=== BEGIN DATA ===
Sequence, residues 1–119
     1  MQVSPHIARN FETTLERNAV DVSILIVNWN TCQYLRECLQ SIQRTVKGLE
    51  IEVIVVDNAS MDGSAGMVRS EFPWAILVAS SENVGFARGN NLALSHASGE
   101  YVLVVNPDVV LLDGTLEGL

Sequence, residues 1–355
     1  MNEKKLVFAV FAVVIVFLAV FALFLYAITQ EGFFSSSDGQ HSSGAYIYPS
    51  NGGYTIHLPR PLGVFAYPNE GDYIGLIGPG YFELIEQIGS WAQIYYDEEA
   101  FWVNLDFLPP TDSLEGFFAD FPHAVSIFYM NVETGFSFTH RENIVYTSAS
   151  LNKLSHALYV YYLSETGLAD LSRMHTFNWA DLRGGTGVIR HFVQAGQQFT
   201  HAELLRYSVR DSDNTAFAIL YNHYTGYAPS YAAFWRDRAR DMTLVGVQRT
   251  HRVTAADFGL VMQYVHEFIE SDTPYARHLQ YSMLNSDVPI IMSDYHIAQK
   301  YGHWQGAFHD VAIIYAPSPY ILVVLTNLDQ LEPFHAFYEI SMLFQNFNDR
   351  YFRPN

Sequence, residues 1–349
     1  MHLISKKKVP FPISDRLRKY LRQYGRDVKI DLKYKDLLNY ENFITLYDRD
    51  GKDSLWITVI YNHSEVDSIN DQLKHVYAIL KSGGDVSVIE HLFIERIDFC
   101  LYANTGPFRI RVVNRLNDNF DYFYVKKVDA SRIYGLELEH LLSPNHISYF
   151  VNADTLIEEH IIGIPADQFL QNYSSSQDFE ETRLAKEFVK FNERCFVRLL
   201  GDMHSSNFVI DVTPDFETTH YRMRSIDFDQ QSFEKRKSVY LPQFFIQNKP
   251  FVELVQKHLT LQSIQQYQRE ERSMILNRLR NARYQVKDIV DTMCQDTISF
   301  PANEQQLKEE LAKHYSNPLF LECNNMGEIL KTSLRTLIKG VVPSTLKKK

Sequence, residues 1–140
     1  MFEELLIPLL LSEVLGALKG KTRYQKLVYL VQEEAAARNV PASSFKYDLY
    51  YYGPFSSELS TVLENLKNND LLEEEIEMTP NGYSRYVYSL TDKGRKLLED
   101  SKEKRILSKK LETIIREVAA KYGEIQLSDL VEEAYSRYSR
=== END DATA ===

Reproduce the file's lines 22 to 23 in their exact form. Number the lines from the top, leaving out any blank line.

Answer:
Sequence, residues 1–140
     1  MFEELLIPLL LSEVLGALKG KTRYQKLVYL VQEEAAARNV PASSFKYDLY